Top 5 universities in Canada for International Students
(5) University of Alberta
The city of Edmonton, which serves as the capital of the province of Alberta, is home to the University of Alberta. Since its founding in 1908, it has been operating as a public research university.
One Nobel Laureate, four justices of the Supreme Court of Canada, including a chief justice, and 68 Rhodes Scholars have passed through the province of Alberta, making it the province with the highest number of Rhodes Scholars in all of Canada.
Each of the university’s five campuses is located in different parts of Edmonton, and it has 18 faculties that cover a wide variety of fields, such as nursing, engineering, law, and the arts.
Two student unions are available at the university; one is for undergraduate students, and the other is for graduate students.
(4) The University of McMaster
McMaster University can be found in Hamilton, which is located in Ontario. More than ninety countries are represented among the students and faculty.
William McMaster, a prominent Canadian senator and banker, is honored with the naming of the university on the grounds that he contributed $900,000 to the establishment of the institution.
There are faculties of engineering, business, humanities, social sciences, and science at McMaster University, in addition to the world-famous medical school that the university offers. The university places a significant amount of importance on research that is aimed at addressing some of the most pressing issues that are currently facing society, particularly in the field of health sciences.
There are approximately seventy international exchange agreements that the university has with institutions located all over the world.
(3) The University of McGill
Over 150 different nations are represented among the student body at McGill University.
In the year 1821, the university was established. In the heart of Montreal, at the foot of Mount Royal, is where the primary campus is located. Housing on the park-like campus is an option for students who are in their first year of college.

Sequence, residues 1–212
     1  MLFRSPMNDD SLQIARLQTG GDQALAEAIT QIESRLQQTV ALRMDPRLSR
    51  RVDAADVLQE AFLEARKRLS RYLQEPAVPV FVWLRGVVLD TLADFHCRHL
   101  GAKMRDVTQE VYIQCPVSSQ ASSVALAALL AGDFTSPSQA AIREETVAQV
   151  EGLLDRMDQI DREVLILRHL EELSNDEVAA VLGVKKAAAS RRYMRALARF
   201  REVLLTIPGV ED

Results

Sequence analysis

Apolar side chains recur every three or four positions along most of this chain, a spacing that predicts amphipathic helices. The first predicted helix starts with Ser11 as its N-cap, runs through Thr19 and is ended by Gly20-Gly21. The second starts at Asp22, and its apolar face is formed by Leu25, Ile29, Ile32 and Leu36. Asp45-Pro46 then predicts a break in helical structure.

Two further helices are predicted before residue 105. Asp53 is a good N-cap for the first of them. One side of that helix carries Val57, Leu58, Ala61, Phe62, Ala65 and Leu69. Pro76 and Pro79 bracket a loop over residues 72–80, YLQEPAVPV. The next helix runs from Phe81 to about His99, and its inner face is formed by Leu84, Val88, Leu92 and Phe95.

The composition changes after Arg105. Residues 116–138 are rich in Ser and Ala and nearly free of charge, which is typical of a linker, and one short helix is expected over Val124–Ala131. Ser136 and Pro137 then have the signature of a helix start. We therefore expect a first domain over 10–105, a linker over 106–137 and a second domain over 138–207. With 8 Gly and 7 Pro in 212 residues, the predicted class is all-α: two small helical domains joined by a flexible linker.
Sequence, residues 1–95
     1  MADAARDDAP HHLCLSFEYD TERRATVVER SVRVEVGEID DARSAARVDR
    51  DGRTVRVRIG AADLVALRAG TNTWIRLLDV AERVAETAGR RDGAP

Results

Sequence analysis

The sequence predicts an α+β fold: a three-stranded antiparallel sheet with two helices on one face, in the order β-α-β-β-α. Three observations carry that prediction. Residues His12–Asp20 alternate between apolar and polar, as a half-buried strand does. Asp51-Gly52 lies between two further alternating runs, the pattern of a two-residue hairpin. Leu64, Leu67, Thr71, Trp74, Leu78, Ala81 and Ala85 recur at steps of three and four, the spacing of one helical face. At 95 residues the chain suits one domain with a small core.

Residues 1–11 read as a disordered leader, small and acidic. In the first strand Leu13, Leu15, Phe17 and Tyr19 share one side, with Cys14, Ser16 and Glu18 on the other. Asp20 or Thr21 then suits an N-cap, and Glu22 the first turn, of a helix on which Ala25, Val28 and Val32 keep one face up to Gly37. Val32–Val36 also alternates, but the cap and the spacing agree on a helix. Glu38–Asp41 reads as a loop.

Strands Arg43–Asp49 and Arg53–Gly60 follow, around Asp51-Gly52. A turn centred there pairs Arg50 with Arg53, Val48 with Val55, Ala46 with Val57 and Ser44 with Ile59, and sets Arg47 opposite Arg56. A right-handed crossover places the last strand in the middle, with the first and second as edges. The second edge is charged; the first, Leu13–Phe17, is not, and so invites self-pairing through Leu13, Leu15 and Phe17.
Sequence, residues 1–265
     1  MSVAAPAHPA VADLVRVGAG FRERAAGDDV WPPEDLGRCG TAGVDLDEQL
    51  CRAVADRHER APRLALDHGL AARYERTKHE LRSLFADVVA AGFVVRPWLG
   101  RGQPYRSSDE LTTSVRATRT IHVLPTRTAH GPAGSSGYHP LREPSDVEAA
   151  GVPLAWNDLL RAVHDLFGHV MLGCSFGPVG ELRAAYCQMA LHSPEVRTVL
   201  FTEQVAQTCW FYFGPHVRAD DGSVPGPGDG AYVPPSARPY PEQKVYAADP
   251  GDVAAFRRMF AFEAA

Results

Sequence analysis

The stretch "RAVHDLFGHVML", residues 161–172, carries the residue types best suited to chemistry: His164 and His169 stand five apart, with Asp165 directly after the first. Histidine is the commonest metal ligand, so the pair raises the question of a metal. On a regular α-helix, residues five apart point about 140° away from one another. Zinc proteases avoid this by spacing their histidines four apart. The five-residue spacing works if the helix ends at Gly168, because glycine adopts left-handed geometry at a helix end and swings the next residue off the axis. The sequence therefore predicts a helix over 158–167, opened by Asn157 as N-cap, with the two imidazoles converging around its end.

The first faculty of medicine in the United States was established at McGill University in 1829, and to this day, the university continues to achieve exceptionally high rankings in the national and international rankings for clinical subjects.
Around 31,000 students are enrolled in the university’s undergraduate and postgraduate programs, and the university provides more than 300 degree programs to those students.
There is a wide variety of services available to students, such as the Academic Advising Service, the Office for Students with Disabilities, and the Career Planning Service.
McGill University is the alma mater of the singer-songwriter Leonard Cohen as well as the actor William Shatner. In addition, the university attracts a greater number of Rhodes Scholars than any other educational establishment in Canada.
(2) The University of British Columbia
Students from other countries make up approximately 33 percent of the student body at the University of British Columbia.
The university is associated with eight Nobel laureates, as well as seventy-one Rhodes scholars and sixty-five Olympic medalists.
There are two campuses of the University of British Columbia: one is located in Vancouver, and the other is located in Okanagan.
On the Vancouver campus, the university is divided into a total of twelve faculties, while on the Okanagan campus, there are seven faculties. The university collaborates with Sciences Po in Paris to provide a unique undergraduate program that is offered jointly.
At the university, applied science, education, music, nursing, the arts, law, and medicine are some of the faculties that are available to students.
The university provides a variety of scholarships for students from other countries, one of which is the Donald A. Wehrung International Student Award, which is reserved for applicants from countries that are currently experiencing war.
Justin Trudeau, the current Prime Minister of Canada, received his Bachelor of Education degree from the University of British Columbia, making him one of three Canadian Prime Ministers who attended the university.
(1) University of Toronto
Michael Ondaatje and Margaret Atwood are two of the most well-known authors to have graduated from the University of Toronto. Other notable graduates include five prime ministers of Canada. There have been a total of ten Nobel laureates who have been associated with the university.
In a manner that is comparable to that of prestigious educational establishments in the United Kingdom, such as the universities of Oxford and Cambridge, the University of Toronto is organized as a collegiate system. There are seven different colleges, each of which has its own tradition and history.
About twenty-five percent of the students enrolled at the university are from other countries.
More than 700 undergraduate degrees and 200 postgraduate degrees are available to students at this university, which is widely regarded as one of the most prestigious medical schools in the world.
Students have the opportunity to join more than one thousand different associations and clubs that are spread out across the three campuses of the university.